I think we all had "The Hurt Pride" marathon in our lives, with only difference that there is no end point. We continue to trudge regardless... (or as the fashion of ignorance puts it "regardless")

I've had that, too, but I just got over it and that is why I left HP. Admit it, HP is not for fiction or poetry, it is a "HOW TO" without even "WHAT FOR".

But I have to tell you that the exposure on HP

(there is an idea: what about instead of calling us "hubbers", they modify it to "HPagers or HPagists"?)

so, after the emotional exposure (if not downright striptease), I felt more comfortable sharing my work with real time audience. Any criticism and I'll just move on to the next idea. It's not the idea was bad (or a disaster), it was something else. I accepted it even without definition.

What I thought was funny, people did not funny at all, what I thought was not funny at all, they found hilarious. But I still wrote the way I write.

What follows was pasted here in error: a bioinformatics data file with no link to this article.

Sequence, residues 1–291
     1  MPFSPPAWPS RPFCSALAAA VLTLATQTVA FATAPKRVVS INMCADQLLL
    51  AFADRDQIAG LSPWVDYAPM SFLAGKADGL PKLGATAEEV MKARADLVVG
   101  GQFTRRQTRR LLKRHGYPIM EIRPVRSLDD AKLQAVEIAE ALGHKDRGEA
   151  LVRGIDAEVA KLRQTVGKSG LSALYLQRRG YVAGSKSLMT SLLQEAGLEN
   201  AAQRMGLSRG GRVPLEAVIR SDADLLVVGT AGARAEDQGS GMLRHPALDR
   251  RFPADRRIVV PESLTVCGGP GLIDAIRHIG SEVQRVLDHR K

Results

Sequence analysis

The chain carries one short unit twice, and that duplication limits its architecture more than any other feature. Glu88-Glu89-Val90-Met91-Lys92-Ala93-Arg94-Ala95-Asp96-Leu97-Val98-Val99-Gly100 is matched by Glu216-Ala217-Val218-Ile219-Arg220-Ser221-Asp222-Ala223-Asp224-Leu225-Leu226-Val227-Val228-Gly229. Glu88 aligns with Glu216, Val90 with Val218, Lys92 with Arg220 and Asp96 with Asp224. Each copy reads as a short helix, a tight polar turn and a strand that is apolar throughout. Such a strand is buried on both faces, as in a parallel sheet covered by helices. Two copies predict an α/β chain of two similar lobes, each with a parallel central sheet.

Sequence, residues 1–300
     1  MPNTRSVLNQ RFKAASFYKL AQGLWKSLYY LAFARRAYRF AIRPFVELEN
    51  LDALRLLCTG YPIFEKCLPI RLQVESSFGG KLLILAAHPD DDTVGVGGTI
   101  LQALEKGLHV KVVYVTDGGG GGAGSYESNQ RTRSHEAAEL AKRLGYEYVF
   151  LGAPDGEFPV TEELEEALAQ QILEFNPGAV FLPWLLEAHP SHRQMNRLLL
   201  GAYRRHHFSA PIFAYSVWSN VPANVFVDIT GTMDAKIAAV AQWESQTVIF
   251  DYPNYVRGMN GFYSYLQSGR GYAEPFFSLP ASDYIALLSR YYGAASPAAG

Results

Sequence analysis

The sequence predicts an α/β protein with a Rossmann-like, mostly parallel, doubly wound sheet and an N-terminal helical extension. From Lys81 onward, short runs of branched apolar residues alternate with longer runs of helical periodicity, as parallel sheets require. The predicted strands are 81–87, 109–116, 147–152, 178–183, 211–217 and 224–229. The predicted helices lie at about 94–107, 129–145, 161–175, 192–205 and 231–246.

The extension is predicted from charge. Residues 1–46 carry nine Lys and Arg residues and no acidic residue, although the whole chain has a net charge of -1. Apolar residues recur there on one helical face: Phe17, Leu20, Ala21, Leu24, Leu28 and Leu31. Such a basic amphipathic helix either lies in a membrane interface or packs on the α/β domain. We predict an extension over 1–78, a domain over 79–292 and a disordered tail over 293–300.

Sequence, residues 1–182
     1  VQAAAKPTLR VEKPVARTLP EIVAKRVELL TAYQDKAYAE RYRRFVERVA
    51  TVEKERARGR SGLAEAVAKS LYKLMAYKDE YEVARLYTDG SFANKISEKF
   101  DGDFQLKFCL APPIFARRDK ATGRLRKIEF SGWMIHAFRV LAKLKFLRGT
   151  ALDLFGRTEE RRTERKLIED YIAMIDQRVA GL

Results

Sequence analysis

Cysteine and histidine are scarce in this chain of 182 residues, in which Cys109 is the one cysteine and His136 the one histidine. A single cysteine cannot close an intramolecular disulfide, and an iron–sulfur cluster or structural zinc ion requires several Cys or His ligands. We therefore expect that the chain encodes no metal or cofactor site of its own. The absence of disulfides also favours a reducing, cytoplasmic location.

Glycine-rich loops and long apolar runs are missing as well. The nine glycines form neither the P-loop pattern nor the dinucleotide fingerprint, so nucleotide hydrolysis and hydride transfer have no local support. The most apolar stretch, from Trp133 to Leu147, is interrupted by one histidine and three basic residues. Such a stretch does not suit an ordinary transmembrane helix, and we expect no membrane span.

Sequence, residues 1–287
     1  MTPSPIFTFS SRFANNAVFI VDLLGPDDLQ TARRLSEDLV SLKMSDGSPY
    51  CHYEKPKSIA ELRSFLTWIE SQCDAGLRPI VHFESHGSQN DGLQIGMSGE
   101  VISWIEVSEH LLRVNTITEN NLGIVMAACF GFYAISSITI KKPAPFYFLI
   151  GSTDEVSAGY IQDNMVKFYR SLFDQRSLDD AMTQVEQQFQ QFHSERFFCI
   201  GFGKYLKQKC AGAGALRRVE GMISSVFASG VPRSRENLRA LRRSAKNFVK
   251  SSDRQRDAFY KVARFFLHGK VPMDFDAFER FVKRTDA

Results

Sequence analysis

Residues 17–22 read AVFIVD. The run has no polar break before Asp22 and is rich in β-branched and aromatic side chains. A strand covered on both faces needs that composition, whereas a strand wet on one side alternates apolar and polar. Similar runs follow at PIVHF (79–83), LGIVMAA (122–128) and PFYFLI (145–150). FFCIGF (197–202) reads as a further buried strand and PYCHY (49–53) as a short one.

I am talking about the Laughing Like Crazy Show. It was quite a success.

And coming back, to the fundamental question of audience (by whom you measure success or failure), I took to heart this statement


“The Audience. Soon after you confront the matter of preserving your identity, another question will occur to you: “Who am I writing for?”

It’s a fundamental question, and it has a fundamental answer: You are writing for yourself. Don’t try to visualize the great mass audience. There is no such audience – every reader is a different person.”

William Zinsser “On Writing Well”


If you like to write, write.

I hope that brightens your day!

Twilight Lawns (author) from Norbury-sur-Mer, Surrey, England. U.K. on September 05, 2013:

And thank you for "the best answer". That made my day. I also received one from another Hubber (I still hate that term) the other day, so it soothed my hurt pride that so few people really bother to read my hubs.